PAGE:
With its spectacular mountains and gorgeous beaches, Cape Town is perfect for outdoor activities like rock climbing, wind surfing and cycling.
6 p.m. Wander down to the Waterfront, dotted with bars and restaurants and watch the sun set. You may even be joined by one or two of the local seals that love to sleep on the docks.
8 p.m. Take a short cab ride to Bukhara (33 Church St), one of the so-called Mother City's best Indian restaurants. Besides the excellent chicken, lamb, seafood and vegetarian dishes, they offer an African specialty: Ostrich tikka.
8 a.m. Breakfast at the Walden House (5, Burnside Rd) with eggs cooked to order and a huge array of cereals, cheeses, baked items and local fruits and berries such as mangoes and passion fruit.
Cape Town's weather can change quickly and Table Mountain, which dominates the skyline, can become shrouded in clouds - the "tablecloth" that gives the mountain its name.
The rule is that if you can see the top, you should go immediately. Do not delay, or you will miss incredible views 1,085 meters above the city.
Go by cable car or, for the more adventurous, take a four-hour hike.
Ideally, arrive in the late afternoon and sip drinks in the Cableway Cocktail Bar on the summit and watch the sun set over the ocean and the twinkling lights of the city.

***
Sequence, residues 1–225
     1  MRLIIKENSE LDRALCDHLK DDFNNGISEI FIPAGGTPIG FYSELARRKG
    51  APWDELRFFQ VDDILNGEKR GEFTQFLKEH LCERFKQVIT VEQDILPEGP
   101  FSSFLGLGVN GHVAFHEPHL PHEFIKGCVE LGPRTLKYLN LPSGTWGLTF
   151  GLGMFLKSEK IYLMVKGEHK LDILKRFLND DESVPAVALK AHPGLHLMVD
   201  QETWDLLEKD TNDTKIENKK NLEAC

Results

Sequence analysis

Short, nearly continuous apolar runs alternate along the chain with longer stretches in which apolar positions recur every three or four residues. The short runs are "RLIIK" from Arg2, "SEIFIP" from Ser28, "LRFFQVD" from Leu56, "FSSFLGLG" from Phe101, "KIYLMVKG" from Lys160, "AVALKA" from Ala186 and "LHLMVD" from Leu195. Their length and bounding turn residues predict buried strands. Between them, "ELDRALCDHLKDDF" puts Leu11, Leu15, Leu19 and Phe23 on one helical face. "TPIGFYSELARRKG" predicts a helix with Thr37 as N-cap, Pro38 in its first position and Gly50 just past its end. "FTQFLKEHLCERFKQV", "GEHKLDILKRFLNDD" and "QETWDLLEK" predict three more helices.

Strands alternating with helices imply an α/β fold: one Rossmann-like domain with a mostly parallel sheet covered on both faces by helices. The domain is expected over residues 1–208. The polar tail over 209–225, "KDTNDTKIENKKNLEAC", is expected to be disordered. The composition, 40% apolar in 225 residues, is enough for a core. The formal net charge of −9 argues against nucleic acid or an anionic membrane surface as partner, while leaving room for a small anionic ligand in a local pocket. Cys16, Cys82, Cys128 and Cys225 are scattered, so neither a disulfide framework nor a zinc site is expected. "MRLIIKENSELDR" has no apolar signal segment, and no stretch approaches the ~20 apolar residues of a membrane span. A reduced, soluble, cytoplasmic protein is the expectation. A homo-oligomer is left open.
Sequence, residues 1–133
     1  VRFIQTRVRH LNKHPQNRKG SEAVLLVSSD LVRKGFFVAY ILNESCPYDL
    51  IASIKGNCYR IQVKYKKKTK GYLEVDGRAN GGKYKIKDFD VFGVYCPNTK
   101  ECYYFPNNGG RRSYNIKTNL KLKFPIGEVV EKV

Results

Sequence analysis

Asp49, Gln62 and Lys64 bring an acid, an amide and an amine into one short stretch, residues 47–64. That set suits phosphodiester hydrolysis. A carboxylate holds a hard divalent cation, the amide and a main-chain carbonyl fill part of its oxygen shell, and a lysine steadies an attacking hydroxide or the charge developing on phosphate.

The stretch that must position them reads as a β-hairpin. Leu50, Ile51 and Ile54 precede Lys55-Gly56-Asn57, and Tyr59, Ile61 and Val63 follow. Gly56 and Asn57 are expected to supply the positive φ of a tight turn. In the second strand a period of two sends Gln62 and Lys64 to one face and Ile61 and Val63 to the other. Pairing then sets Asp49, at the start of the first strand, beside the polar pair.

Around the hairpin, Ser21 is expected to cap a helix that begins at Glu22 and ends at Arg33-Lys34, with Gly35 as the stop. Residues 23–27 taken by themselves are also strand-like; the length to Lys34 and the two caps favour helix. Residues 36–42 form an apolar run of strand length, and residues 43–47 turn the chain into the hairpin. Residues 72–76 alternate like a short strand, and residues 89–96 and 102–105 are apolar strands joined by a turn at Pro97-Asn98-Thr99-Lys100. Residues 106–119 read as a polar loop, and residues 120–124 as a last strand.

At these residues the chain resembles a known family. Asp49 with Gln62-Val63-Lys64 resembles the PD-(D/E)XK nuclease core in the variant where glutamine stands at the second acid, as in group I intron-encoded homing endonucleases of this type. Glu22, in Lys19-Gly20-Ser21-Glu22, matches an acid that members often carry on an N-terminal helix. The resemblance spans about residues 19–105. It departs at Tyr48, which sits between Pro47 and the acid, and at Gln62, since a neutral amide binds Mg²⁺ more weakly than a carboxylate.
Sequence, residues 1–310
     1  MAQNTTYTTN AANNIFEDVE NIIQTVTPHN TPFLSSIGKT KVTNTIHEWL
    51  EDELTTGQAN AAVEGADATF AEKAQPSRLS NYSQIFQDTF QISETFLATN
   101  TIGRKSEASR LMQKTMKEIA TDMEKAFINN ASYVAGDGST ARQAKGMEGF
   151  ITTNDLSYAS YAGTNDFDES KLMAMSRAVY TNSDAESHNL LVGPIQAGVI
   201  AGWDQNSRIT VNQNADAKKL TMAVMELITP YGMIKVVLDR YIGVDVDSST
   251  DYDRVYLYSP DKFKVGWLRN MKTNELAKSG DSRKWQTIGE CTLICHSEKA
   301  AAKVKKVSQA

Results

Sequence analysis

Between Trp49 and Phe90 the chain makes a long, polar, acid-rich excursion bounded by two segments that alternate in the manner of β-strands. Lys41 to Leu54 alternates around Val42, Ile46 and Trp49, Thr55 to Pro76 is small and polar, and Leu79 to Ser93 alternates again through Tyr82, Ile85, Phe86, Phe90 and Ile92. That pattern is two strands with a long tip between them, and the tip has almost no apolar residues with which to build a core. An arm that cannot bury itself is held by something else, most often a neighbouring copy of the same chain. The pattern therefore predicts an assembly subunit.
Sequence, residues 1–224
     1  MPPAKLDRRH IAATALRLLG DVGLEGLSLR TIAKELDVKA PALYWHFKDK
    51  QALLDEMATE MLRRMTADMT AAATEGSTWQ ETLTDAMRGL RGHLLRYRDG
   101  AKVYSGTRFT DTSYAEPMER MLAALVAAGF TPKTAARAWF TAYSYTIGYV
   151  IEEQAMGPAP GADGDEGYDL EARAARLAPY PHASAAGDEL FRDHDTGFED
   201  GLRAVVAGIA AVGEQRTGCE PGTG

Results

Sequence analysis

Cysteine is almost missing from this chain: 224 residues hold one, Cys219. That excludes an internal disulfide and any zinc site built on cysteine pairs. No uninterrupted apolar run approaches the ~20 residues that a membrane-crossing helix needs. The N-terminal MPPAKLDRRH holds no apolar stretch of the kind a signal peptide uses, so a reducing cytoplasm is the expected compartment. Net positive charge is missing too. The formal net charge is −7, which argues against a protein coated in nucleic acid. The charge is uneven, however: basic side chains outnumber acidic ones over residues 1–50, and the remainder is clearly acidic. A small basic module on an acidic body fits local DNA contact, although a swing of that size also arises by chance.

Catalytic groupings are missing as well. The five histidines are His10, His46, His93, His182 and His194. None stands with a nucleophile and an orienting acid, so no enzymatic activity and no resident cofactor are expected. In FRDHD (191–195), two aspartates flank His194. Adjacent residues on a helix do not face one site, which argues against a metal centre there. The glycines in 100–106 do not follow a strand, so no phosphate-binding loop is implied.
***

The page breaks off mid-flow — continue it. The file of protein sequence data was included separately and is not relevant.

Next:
If the tablecloth is set on Table Mountain, take a drive 30 km down the peninsula to Cape Point and stop at the Simon's Town Museum, which tells the history of the area and its ties to the Dutch East India Company and Britain's Royal Navy.
Just down the road is Boulders Beach, where a colony of African penguins resides. A walk across the dunes and rocks to see the flightless birds costs around R35.
The western side of the Cape Peninsula is dotted with picturesque beaches and lighthouses. Stop off in Camps Bay for cocktails at one of the trendy bars that line the beach, and watch the sun disappear into the Atlantic.
8 p.m. Dinner at Baia, an elegant seafood restaurant on the Waterfront with views from every dining room. Start with a carpaccio of the South African national symbol, the Springbok.
Try Kingklip, a Southern Hemisphere fish, known in South America as Congrio. And of course, South African wines are de rigeur.
9 a.m. Take a drive to Betty’s Bay where you will see more penguins for around R10 - cheaper than Boulders Beach.
Next, head off to Hermanus – Cape Town’s whale capital!
1 p.m. Fresh sea air will make a visitor hungry and Hermanus is full of great places to dine. Bientang (below Marine Drive) is situated in a cave at the water's edge and is famous for Bouillabaisse and line fish grilled on an open fire, as well as hot and cold oyster, prawn, mussels and calamari platters.
An alternative Sunday drive is to the old Dutch university town of Stellenbosch in the heart of the winelands. Eat at 1802, the restaurant at d'Ouwe Werf (Church St) - South Africa's oldest hotel, established in 1802.
Entrees include a salad of strawberries and biltong and Cape Malay bobotie, a dish of spiced minced meat baked with an egg-based topping.
At least 100 vineyards are within easy reach of Stellenbosch and most, like Tokara, Boschendal or La Cabriere in nearby Franschhoek, offer tastings. Besides the familiar white Chardonnays and Sauvignons Blancs, South Africa produces a distinctive red wine, Pinotage.